Date Approved


Graduate Degree Type


Degree Name

English (M.A.)

Degree Program


First Advisor

Robert Rozema

Second Advisor

Brett Colley

Third Advisor

Rachel Anderson

Academic Year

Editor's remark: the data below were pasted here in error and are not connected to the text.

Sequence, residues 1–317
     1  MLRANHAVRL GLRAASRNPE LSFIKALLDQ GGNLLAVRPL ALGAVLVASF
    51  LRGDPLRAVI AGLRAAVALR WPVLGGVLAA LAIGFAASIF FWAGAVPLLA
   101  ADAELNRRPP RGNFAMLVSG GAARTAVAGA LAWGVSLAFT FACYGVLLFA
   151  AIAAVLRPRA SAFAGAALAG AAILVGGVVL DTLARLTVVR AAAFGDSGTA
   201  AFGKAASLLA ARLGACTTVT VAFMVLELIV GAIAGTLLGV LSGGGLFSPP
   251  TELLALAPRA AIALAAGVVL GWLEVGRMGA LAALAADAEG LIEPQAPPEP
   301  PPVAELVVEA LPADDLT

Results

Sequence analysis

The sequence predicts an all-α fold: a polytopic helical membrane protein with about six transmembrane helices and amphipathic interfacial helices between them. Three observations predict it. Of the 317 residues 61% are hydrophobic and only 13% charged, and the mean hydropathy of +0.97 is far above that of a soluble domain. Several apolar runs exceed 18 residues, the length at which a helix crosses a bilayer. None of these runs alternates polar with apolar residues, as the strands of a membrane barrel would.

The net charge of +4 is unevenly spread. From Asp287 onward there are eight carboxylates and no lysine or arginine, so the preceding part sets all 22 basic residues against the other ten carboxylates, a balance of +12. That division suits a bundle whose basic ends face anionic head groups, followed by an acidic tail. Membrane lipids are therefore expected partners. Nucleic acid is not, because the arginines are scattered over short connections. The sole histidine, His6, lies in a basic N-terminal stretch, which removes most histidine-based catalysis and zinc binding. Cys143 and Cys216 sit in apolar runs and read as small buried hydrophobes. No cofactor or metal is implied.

Whether they are secret or whether they are household names, identities are paramount in superhero comics. Yet those that create these identities do so from a place of privilege in a hierarchy which results in inauthentic characters and repetitive plots. For the superhero genre, the misrepresentation of female characters (perhaps related to a severe underrepresentation of female creators) has resulted in highly patriarchal storylines that are reductive, stereotypical, and often violent toward women. To combat this trend, one must consider the ways in which a more complex female character violates the current framework and offer a solution. For superhero comics, complexity violates its staunchly binary framework and a solution lies with the cyborg, a figure championed by Donna Haraway in her essay, “A Cyborg Manifesto: Science, Technology and Socialist-Feminism in the Late Twentieth Century.” A hybrid of nature and technology, the cyborg defies easy identification and finds a sense of belonging through means other than identity. Using this as a template, creators, specifically male creators, can include women in their stories without imposing harmful binaries. Evidence of a successful execution of the cyborg character can be seen in Neil Gaiman’s Black Orchid and A Game of You, both of which depict women in the midst of identity crises. This paper will explore the ways in which identity affects the depiction and treatment of these women, how they fare in its absence, and the alternative modes they use to find meaning for themselves.